A group of company drivers gathered at Uber’s headquarters in San Francisco on Tuesday, protesting against companies using improper means to oppose the AB5 bill protecting their work benefits. Omar has been a driver for Uber for six years, but Uber has reduced the rate of payment to drivers year after year, and now has to work longer, but earn less.
Dozens of Uber and Lyft drivers held a demonstration Wednesday morning outside Lyft’s hub in downtown Los Angeles, where they called for improved working conditions, a $30-an-hour wage and workers’ rights. The proposed California Assembly Bill 5 would expand ride-share drivers’ rights and protections by making it more difficult for such companies to classify drivers as independent contractors rather than employees.
Uber and Lyft really, really don’t want their drivers to be company employees. Both ride-hailing companies have launched an aggressive public campaign to escape California’s crackdown on the gig economy. In the past two weeks, they’ve published an op-ed in the San Fransisco Chronicle and are now enlisting drivers and lobbyists to help weaken AB 5, a bill that would make it harder for companies to label workers as independent contractors instead of employees — a common practice that has allowed businesses to skirt state and federal labor laws.
As Lyft and Uber launched their Initial Public Offerings (IPOs), drivers protested not only their poor pay and working conditions, but also the many threats to their safety. While several news outlets have covered the threats to women rideshare passengers, the violence committed against women and non-binary drivers, particularly those that are Indigenous, Black, people of color, lesbian, bisexual, transgender, queer, intersex, asexual, Two Spirit, disabled, or Muslim, have gone largely ignored.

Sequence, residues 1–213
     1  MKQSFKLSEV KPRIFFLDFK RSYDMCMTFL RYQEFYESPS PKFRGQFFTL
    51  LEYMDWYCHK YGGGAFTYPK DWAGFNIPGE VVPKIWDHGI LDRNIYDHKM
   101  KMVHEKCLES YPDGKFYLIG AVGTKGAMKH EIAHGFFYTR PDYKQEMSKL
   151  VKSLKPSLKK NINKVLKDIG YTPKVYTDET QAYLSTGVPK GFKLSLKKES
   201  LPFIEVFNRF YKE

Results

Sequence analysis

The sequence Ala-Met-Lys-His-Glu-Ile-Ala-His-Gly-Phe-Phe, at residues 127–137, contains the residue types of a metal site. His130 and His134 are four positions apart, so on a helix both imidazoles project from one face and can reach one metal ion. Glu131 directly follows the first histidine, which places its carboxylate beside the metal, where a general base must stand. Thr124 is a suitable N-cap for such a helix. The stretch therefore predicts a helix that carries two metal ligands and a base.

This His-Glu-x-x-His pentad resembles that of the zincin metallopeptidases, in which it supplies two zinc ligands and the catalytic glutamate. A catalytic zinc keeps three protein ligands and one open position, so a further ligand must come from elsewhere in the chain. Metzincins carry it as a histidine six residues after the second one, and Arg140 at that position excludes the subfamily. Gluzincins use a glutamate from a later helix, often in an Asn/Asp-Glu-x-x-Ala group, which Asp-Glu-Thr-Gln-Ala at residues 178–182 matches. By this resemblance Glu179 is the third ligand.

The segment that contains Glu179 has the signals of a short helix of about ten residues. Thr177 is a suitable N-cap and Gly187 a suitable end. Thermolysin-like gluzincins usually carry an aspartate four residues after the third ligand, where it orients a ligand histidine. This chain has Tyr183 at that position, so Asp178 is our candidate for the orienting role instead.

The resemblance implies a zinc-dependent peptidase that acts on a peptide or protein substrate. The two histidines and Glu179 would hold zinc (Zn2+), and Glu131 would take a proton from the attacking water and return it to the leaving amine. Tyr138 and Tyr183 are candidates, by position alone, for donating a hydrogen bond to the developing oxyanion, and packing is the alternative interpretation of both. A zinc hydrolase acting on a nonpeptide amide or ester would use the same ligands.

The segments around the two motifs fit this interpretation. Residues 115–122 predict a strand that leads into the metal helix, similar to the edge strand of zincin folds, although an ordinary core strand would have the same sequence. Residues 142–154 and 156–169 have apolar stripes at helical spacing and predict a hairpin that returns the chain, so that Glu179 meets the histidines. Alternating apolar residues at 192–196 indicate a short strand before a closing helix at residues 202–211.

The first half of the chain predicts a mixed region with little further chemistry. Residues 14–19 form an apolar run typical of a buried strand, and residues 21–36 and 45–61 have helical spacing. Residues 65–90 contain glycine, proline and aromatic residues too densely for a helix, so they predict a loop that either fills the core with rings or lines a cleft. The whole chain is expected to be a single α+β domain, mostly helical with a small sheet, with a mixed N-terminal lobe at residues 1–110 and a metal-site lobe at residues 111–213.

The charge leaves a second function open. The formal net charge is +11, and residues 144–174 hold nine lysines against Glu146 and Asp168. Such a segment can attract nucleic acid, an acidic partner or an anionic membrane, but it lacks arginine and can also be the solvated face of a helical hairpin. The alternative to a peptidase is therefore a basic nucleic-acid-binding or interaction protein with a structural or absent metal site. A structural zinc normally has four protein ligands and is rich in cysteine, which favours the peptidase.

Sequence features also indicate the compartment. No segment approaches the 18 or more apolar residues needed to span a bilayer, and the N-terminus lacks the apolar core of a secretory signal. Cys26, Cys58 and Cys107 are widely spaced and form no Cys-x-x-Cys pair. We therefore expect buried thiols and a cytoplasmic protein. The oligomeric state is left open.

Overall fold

Fearing a proposed California law that would clarify that drivers for Uber and Lyft are employees, the companies are sending messages to drivers through the apps they use to work asking them to oppose the law. “When I press to go with Uber, I get a notification and the notification says ‘Protect Driver’s Flexibility’,” explained Al Aloudi, a driver with both Uber and Lyft for eight years. He says the in-app notifications are usually about important issues like money or safety, so drivers check them regularly. (The companies send less urgent messages to drivers’ email.)
On-demand workers in the US are rising up against the companies they work for — using the platforms themselves to do it. On Saturday, thousands of Postmates workers plan to manipulate the on-demand delivery app for better pay by refusing jobs that aren’t in “blitz mode,” a feature that allows Postmates to increase pricing when demand for deliveries exceeds supply. It’s the latest example of on-demand workers leveraging the tools they have, developed by the companies they contract for, to fight back against low wages.
A lengthy article by transportation industry consultant Hubert Horan in the journal American Affairs outlines a series of perceived flaws in Uber’s business model. One of the most startling findings is that most of Uber’s margin improvements since 2015 can be explained by cuts in driver take-home pay — not by increased efficiency.
Despite a healthy economy and growing labor force, 3 out of every 10 American workers who have taken on a side hustle say they need that second job to simply make ends meet. That’s according to Bankrate.com’s latest Side Hustle Survey of 2,550 full-time and part-time working adults conducted online in early May. “Though the economy is strong, many Americans are finding it necessary to work on the side to make ends meet,” said Amanda Dixon, an analyst for the personal finance website.
Uber’s upcoming initial public offering may be one of the biggest in history, with the ride-hailing company expected to raise up to US$9 billion. That’s good news for its early investors and executives, who could reap $1.3 billion from the IPO. For the potentially hundreds of thousands of drivers who do it as their largest or main source of income? Not so much. That may be why some of them plan to go on strike in seven U.S. cities for 12 hours on May 8.
California just took a major step in rewriting the rules of the gig economy. The state Assembly passed a bill Wednesday that would make it harder for companies to label workers as independent contractors instead of employees, a common practice that has allowed businesses to skirt state and federal labor laws. The bill will now go to the state Senate. Hundreds of thousands of independent contractors in California, ranging from Uber and Amazon drivers to manicurists and exotic dancers, would likely become employees under the bill.
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